In your statement about the film you also said that you’re a feminist. Do you consider “Blue” a feminist and/or political book?
I’ve never really assigned adjectives to the book. Yes, I’m a feminist but it doesn’t make me an activist. Everyone who considers that women are (or shall) be men’s equals is a feminist. Since you talk about my statement, I also said there that “I had no militantly activist intent. Nevertheless, quickly after the publication of ‘Blue’ in 2010, I became aware of the fact that talking about a minority, whatever it is, contributes to supporting its cause (or the contrary), and it totally exceeds us.” Consequently, indeed it became a political book.
“Blue” is in the title, as well as the color of Emma’s hair and the predominant color in the book. What does it represent within the story?
There are several transitions between the colored and the black-and-white sequences because the present is in color and the past in black-and-white, with a few touches of blue. We follow the events of the past through Clementine’s diary, but our memory never fully remembers everything. We always remember specific details … a light, a smell, a gesture, an object. Among the black-and-white imperfect memories of Clementine, the touches of blue are there to evoke the strong details that left their mark on her.
You’ve said, “The best thing this book could do is help queer youth, somewhere, somehow.” Was that something you were consciously addressing during the process of creating the book? What kinds of responses have you gotten from queer youth?
What interested me was the banalization of homosexuality, and I first addressed the book to those who would judge and reject people for their sexuality. That was an abstract thought, though. Since I’m a storyteller, I usually don’t think about the reader. And actually, I believe it’s dangerous for a story when you start asking yourself, “Who will read it? What will they think about it?” while you’re writing and/or drawing it. And the awareness I’ve got today is clearly not the same I had when I started the book at 19, or when I started the final pages at 23.
So, I would say I was totally far away from that idea at the beginning. I came to realize the social potential of it when the book was sketched and read by people around me who were moved and excited to see it soon published. And then, when the book came out, being read and shared, I had to face the fact that, yes, it might really move people. Since it’s out, I’ve received one or two mails or testimonies per week, on average. Queer youth indeed, but most of the time, just … people! People of all ages, nationalities, ways of life. It’s the same when I’ve been touring and signing. The readers of this book are truly mixed.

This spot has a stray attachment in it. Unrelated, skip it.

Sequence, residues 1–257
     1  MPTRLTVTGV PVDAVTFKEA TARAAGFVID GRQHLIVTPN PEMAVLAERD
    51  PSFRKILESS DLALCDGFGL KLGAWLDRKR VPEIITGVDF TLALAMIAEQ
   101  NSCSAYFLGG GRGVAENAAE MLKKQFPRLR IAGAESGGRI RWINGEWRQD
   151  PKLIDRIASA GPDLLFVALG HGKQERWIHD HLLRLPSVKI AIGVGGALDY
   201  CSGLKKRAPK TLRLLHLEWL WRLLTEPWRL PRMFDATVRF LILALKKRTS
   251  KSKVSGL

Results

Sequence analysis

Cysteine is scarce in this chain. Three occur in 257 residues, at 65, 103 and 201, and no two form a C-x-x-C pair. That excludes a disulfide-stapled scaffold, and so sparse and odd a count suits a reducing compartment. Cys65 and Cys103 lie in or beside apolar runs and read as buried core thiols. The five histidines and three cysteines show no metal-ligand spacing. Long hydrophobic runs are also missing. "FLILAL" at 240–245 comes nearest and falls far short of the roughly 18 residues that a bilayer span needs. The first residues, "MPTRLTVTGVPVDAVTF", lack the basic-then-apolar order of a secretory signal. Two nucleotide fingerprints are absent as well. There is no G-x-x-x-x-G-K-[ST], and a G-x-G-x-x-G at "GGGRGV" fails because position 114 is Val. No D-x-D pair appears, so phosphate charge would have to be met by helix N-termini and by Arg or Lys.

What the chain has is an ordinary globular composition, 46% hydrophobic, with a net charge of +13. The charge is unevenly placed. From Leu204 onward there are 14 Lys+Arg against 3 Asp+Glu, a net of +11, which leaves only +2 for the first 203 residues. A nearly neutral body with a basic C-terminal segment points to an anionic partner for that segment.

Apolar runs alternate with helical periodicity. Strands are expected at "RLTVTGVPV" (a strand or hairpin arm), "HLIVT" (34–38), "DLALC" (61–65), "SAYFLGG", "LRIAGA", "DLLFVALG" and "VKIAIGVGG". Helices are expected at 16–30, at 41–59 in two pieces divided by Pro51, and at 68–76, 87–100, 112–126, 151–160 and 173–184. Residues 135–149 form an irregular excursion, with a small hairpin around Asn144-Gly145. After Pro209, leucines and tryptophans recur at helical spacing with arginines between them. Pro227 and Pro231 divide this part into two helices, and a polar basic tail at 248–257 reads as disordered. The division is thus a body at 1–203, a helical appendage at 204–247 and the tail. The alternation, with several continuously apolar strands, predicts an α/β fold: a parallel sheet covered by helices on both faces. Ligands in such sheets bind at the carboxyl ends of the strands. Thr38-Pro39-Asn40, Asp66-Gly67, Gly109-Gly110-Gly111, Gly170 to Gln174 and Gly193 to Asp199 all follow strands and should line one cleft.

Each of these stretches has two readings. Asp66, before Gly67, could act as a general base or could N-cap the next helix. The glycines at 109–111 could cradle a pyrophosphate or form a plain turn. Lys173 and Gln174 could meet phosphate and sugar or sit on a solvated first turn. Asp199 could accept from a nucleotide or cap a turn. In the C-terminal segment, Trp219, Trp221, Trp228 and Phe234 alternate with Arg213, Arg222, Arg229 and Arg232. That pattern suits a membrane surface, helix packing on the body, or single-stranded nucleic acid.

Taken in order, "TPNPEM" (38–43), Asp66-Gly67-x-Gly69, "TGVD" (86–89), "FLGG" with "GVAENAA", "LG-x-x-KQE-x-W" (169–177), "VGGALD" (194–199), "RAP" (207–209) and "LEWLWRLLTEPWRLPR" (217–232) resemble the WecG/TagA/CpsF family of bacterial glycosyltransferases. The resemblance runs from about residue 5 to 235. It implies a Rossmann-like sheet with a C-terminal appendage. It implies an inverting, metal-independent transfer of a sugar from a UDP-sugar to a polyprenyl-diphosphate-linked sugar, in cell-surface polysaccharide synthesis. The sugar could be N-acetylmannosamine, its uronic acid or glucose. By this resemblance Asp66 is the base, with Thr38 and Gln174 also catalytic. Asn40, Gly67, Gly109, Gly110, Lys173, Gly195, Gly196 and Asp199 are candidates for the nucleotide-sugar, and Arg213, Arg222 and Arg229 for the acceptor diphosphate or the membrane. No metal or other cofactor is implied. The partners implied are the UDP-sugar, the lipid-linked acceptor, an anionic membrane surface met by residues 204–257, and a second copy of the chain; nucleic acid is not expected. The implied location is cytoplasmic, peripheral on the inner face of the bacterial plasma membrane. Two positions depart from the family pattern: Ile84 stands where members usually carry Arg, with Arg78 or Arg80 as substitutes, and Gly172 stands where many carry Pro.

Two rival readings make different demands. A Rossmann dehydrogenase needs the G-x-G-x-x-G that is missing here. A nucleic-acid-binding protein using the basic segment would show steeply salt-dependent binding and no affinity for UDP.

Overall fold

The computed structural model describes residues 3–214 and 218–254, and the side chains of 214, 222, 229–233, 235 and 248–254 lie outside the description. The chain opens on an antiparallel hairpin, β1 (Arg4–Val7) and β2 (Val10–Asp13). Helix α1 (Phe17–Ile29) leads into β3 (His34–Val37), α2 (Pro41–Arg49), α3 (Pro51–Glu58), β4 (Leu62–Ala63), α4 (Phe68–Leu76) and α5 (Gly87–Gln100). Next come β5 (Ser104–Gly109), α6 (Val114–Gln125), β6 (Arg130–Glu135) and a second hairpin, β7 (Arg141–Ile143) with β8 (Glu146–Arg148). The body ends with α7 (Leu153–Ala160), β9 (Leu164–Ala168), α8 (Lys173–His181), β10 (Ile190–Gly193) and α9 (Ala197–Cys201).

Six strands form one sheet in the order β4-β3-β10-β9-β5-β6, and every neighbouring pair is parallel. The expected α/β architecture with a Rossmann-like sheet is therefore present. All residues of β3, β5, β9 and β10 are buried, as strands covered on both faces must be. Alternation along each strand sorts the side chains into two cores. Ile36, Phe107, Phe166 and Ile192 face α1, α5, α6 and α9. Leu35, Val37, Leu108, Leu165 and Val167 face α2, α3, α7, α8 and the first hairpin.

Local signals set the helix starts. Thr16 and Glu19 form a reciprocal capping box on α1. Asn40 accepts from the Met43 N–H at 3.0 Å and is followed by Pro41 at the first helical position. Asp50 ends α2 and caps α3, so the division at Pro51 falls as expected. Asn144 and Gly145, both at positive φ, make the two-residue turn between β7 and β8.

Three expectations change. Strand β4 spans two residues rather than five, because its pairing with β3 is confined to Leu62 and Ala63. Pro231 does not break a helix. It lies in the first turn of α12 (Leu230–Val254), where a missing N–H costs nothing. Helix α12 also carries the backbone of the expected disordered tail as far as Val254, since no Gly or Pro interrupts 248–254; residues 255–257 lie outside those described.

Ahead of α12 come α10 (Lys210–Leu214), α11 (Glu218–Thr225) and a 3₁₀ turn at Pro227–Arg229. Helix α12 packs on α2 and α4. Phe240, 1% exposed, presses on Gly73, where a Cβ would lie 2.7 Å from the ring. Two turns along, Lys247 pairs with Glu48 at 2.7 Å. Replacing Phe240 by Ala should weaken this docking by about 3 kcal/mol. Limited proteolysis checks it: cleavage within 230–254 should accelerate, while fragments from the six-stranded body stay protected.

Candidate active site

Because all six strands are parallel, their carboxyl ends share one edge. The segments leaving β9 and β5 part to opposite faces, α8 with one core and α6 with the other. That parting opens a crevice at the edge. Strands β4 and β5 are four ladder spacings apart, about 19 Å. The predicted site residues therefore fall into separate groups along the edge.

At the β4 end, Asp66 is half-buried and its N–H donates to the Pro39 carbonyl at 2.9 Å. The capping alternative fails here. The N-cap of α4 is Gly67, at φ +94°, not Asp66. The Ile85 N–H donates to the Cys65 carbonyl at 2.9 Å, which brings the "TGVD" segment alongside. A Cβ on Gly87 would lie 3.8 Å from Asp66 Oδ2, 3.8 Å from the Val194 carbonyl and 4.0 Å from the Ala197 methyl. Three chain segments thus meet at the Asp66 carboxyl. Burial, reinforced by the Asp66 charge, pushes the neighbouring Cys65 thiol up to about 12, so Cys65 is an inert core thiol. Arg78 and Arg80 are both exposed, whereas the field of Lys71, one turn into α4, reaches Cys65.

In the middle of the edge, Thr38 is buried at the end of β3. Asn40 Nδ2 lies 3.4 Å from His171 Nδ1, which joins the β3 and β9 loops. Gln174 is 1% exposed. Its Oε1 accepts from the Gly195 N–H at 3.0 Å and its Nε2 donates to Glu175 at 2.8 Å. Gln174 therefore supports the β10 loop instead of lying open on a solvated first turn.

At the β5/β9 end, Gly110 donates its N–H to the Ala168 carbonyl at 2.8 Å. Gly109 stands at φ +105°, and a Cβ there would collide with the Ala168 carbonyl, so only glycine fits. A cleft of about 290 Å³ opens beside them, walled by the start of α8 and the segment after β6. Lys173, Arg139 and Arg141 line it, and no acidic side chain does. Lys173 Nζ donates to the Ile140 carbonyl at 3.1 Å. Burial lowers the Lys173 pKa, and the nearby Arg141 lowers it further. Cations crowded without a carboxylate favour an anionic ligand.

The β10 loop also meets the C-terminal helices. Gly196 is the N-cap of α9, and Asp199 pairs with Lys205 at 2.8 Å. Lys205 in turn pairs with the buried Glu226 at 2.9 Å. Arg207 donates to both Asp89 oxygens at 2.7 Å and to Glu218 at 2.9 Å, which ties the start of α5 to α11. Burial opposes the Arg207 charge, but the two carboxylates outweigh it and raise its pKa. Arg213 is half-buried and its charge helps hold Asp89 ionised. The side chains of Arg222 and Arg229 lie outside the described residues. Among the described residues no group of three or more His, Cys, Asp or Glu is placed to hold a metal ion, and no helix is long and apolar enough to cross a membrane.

I’ve never received insulting messages about this book. So far! Of course it has its protesters. They’re not the people who write me or come to meet me, though. What I receive is mostly thanks and life stories.
We learn at the outset that Clementine has died, and the story unfolds via her diaries. Do you consider “Blue” a tragic love story?
I usually answer that [by] saying that life isn’t a Walt Disney movie! So, yeah, life is tragic, love hurts. Who hasn’t noticed yet? But, hey, it doesn’t mean life and love aren’t worth taking the plunge. Once again, I’ve never really put adjectives on the book. I only tried to make it realistic.
What advice would you give to someone just starting out as a graphic artist?
Maybe the common Disney ideas, after all! Such as: be yourself, don’t give up, everyone has something to teach you so welcome it. Don’t limit yourself to the first idea you’ve got, dig deeper. Remain sincere. Sincerity hasn’t always brought me gifts in life, but at least I can look at myself in the mirror.